Finally, we were ready for the big release. After everything we went through to get to this point, I couldn’t even tell whether I felt more relief or anxiety. It was probably the strangest feeling I’ve ever experienced. Then, on the day of the release, Gamasutra posted a feature about how Steam is being flooded with games, and what this would mean for small game developers. Reading this on the actual day of our release was a bit surreal and, as it turned out, we released simultaneously with a large number of games, some of them highly anticipated.

We released simultaneously with a large number of games, some of them highly anticipated.

For this reason, it’s difficult to tell how we felt about the release. We didn’t get an impressive burst of sales we were cautiously hoping for from a Steam release. On the other hand, feedback so far has been overwhelmingly positive, and this keeps us optimistic that the game can be a success, if we manage to get people to talk about it.

One thing we learned from the release is that the Flash rendering just isn’t good enough. Despite the hoops we went through to keep performance as high as possible, some people ran into issues, and our performance workarounds also led to relatively high memory usage, which could lead to stability issues. We had already planned to move to Starling and DragonBones eventually for the mobile version, so we decided to prioritize this. It would provide a huge number of advantages, from better performance and graphics to increased stability and the ability to use AIR.

As soon as the Daniel and Andrew are done with this, they’ll try again to get the word out, and then work on the mobile version. Additionally, they’re planning to add a survival mode for long-term value, and considering the possibility to release it as a free demo version for web and mobile. Fearless Fantasy recently won the Best Art Award at Indie Prize at Casual Connect USA 2014.

 

ContributionsDevelopmentGame DevelopmentIndieOnline

Formula Wincars: Building a Racing Game Meant for Everyone

July 8, 2014 — by Mariia Lototska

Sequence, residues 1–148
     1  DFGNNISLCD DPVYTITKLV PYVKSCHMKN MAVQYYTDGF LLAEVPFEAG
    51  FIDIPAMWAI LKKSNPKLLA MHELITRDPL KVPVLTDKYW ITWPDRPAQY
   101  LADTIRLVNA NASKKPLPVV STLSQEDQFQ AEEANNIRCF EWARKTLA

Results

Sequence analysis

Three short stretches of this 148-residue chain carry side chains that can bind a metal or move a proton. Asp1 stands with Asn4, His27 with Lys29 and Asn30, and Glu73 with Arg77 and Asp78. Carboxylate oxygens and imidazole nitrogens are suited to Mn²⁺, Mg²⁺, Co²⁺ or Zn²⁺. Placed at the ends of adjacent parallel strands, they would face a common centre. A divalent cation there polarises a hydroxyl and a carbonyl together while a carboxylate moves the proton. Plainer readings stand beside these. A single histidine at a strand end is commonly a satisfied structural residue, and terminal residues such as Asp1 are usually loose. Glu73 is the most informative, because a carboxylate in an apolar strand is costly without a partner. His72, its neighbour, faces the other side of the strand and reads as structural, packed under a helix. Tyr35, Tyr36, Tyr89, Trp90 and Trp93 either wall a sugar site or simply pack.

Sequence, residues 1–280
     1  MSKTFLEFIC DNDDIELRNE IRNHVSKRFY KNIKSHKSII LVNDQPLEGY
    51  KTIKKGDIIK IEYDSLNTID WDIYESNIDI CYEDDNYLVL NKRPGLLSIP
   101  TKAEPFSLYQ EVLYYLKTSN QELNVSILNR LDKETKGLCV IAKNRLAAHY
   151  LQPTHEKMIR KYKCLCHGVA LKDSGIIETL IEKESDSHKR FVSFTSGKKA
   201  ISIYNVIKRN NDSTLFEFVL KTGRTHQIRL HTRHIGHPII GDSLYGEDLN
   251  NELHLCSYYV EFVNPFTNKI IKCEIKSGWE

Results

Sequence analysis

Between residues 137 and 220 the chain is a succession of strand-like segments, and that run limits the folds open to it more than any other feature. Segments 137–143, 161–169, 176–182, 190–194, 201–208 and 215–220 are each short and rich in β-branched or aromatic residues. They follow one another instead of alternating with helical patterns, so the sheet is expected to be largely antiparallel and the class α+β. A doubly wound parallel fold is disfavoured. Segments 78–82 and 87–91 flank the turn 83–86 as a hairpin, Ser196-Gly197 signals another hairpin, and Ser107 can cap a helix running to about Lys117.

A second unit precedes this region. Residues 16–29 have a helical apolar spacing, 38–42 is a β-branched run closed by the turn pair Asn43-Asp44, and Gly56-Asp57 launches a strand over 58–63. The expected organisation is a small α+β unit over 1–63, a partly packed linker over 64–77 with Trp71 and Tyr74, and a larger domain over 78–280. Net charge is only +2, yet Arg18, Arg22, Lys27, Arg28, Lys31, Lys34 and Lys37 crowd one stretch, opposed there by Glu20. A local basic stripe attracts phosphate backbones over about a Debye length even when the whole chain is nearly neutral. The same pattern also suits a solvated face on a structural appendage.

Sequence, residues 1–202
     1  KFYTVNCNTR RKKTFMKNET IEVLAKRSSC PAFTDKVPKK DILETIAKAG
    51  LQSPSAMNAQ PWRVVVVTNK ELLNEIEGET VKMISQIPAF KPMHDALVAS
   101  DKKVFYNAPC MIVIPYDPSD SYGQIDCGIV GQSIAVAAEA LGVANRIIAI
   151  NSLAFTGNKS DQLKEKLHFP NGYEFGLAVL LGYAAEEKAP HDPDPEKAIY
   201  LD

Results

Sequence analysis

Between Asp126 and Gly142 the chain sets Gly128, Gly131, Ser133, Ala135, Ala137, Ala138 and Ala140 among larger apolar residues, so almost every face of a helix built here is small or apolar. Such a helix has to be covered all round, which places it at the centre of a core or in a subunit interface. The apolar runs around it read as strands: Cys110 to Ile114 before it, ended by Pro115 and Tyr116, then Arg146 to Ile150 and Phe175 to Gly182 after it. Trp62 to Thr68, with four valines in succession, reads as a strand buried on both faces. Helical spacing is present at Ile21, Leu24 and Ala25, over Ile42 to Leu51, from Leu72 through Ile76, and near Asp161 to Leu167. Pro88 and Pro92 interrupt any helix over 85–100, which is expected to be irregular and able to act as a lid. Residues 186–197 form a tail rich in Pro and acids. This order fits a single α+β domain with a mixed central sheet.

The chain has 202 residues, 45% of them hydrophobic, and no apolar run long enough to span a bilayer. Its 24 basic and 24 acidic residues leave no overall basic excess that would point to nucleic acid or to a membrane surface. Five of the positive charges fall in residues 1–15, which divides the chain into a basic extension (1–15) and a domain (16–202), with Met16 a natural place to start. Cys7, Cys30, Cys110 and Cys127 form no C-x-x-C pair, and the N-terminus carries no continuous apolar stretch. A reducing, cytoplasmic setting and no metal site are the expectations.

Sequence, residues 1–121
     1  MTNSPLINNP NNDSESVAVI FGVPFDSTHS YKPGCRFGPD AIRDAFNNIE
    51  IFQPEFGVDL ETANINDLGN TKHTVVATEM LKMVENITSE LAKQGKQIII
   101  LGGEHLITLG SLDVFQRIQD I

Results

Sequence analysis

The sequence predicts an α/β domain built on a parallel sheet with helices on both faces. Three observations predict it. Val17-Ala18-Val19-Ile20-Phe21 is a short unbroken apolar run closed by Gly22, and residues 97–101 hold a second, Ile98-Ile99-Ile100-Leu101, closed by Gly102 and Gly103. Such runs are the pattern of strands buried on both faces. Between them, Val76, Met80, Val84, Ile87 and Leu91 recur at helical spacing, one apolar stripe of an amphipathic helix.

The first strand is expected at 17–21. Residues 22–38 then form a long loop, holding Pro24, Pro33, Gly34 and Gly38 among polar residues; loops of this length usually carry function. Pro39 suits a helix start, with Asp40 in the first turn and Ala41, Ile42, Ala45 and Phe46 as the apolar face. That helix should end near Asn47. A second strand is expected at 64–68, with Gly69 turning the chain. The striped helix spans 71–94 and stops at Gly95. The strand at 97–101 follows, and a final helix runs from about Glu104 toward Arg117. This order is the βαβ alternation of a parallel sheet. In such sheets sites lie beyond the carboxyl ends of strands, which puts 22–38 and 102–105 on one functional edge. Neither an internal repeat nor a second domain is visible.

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Founded in 2013, DragonJam Studios is a newly established Spanish video game studio in Madrid. With a team of 10, they are currently working on their first game, Formula Wincars, an innovative MMO arcade racing game full of adventures and surprises in every circuit. Jesús Luengo, Formula Wincars’ game designer in charge of game mechanics and level design, tells us about how Formula Wincars came to be.


Ready…Set…Go!

Formula Wincars started as a prototype developed by Jairo Calleja. Jairo had already been developing games on his own, when suddenly a small publisher asked him to make a racing game. Though the project was finally cancelled months later, Jairo was quite confident with the product, so he managed to keep it alive by cooperating with another interested company.

When he first contacted me, I was still living in Barcelona, immersed in the design of another game. Yet when he told me about designing a racing arcade game, I couldn’t help feeling very excited. I have always been a great fan of Sega arcades, such as Out Run and Sega Rally. And above all, Mario Kart is my favorite game. Having the opportunity to fully design such a game was a dream I couldn’t refuse, so I immediately moved to Madrid and started to work closely with Jairo. Sooner rather than later, the game design started to grow up, turning Formula Wincars into a more ambitious game than it had ever been before.

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Having the opportunity to fully design such a game was a dream I couldn’t refuse, so I immediately moved to Madrid and started to work closely with Jairo.

Building Up the Team

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Our little family is complete.

One of our first challenges was to build up a new team. We are a small studio, so we couldn’t afford to make any mistakes recruiting new members for the staff. Fortunately, all the people who have joined us are great and enthusiastic professionals. The first two to join us were Angel Arenas as the 3D environment artist and Eduardo Lozano as the game programmer — young talents who had a Master Degree in Games Development. I already knew them through a Game Jam in Madrid. In a very short time, Javier Pajares and Rubén G. Torralbo joined us as the concept artist and the 3D cars and characters artist.